Published on September 8th, 2008 | by Michelle Bennett0
Removing Oil from Renewable Tech
September 8th, 2008 by Michelle Bennett
Renewable energy is expanding quickly these days. But it’s still a fact that these technologies rely on petroleum and petroleum products for transportation and production. Now that is starting to change. A solar panel producer called BioSolar has replaced a vital component of their silicon panels with a cheaper petroleum-free alternative.
Silicon panels require a protective backsheet to keep out moisture and protect the panel. Usually this backsheet is made from plastic, and practically all traditional plastics are petroleum-based. BioSolar’s backsheet is made from cotton rags and castor beans. They turn the cotton rags into a film of cellulose and blend in nylon made from the beans. The resulting cover lasts just as long or longer than the plastic blacksheet, and they keep out the moisture too. BioSolar also avoids genetically-modified crops.
The best part about it is the cost: up to 50% less than traditional plastic backsheets. As the price of petroleum and petroleum-products rise, this alternative starts to look more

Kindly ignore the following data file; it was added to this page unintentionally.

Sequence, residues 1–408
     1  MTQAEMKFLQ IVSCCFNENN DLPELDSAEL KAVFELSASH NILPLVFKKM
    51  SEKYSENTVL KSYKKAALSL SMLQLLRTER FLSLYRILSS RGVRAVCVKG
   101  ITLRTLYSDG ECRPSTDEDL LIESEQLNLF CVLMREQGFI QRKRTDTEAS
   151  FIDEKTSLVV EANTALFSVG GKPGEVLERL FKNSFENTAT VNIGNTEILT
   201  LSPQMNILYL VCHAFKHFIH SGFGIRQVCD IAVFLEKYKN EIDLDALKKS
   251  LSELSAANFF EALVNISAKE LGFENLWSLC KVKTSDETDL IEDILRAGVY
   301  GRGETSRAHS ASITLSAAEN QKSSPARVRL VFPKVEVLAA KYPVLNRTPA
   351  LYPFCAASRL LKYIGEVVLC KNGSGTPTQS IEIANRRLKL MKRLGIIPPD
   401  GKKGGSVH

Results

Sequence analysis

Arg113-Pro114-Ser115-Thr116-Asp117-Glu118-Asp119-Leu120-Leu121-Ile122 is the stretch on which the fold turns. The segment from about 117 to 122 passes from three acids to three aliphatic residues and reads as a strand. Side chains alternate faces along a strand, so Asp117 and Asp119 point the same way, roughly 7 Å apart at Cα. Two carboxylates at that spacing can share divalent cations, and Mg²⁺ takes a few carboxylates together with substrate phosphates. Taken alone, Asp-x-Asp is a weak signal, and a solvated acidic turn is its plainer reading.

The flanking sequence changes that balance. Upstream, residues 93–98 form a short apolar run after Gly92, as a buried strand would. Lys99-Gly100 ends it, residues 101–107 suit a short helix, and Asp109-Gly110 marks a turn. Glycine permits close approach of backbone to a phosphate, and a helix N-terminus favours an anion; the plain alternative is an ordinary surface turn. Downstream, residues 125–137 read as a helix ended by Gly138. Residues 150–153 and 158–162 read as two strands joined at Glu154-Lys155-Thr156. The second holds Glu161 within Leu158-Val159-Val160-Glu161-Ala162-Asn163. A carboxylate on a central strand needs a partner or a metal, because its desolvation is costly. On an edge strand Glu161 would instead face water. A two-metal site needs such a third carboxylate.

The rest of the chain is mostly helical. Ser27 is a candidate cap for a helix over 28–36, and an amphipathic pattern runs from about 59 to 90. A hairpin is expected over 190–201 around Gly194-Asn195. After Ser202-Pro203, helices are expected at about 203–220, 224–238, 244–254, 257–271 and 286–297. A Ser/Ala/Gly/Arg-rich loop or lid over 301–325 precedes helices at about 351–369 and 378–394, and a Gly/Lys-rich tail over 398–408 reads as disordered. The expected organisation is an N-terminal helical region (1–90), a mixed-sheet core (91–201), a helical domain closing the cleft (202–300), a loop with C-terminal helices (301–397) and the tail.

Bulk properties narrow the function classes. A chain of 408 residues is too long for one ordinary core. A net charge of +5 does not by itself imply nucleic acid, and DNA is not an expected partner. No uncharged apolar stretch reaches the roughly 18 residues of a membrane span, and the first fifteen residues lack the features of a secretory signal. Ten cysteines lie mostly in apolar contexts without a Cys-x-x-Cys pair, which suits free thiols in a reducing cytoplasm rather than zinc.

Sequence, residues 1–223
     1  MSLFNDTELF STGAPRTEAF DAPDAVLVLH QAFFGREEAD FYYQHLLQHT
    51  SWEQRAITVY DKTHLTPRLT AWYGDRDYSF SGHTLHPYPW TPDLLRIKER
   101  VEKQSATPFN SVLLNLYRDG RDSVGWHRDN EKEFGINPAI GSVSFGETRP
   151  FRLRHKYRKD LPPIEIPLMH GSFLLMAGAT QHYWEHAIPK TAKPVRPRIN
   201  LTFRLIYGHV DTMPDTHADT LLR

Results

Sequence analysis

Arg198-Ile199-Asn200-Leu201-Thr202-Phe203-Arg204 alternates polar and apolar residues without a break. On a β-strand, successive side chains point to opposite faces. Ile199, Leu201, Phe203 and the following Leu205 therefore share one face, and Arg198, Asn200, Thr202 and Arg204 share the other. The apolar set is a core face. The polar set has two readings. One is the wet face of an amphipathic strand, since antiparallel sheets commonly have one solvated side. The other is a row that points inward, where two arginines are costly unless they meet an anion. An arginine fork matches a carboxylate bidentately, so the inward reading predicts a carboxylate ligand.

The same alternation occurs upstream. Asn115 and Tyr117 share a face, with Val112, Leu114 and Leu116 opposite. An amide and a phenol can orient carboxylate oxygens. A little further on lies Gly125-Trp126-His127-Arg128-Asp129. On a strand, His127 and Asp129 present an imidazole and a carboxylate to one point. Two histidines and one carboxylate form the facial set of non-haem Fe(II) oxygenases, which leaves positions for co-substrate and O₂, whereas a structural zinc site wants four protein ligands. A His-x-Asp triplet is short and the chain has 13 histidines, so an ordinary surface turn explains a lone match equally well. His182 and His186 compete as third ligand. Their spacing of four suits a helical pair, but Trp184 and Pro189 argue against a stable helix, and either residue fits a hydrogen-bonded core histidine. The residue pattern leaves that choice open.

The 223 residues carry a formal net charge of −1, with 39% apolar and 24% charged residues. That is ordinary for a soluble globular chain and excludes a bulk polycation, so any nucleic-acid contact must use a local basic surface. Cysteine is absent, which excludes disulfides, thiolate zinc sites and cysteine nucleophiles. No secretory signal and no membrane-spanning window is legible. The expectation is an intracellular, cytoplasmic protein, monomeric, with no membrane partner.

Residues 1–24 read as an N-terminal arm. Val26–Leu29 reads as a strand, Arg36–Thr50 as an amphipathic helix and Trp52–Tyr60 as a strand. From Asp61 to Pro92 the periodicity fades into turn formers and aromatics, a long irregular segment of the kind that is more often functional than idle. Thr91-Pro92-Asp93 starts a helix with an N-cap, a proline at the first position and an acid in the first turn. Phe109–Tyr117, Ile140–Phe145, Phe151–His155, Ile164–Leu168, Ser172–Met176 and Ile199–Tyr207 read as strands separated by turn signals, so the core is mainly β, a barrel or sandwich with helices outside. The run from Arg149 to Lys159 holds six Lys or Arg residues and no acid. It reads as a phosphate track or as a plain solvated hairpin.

lucrative than altruistic.
Despite removing the plastic from panels, this is not a complete divorce from fossil fuels. Producing the parts for solar and wind energy still take energy, and the finished product must still be transported to consumers. The majority of that energy is still sourced from fossil fuels. Obviously the larger your bits and pieces, the more energy this requires.
Biosolar has proven that petroleum products are not necessary to produce renewable energy. As renewable technology and biofuels expand into the market, it will become increasingly cheaper and easier to make renewable energy more renewable.
How about record breaking solar
Don’t own or lease an electric car but want to? Complete our EV owner wannabe survey!
Keep up to date with all the hottest cleantech news by subscribing to our (free) cleantech newsletter, or keep an eye on sector-specific news by getting our (also free) solar energy newsletter, electric vehicle newsletter, or wind energy newsletter.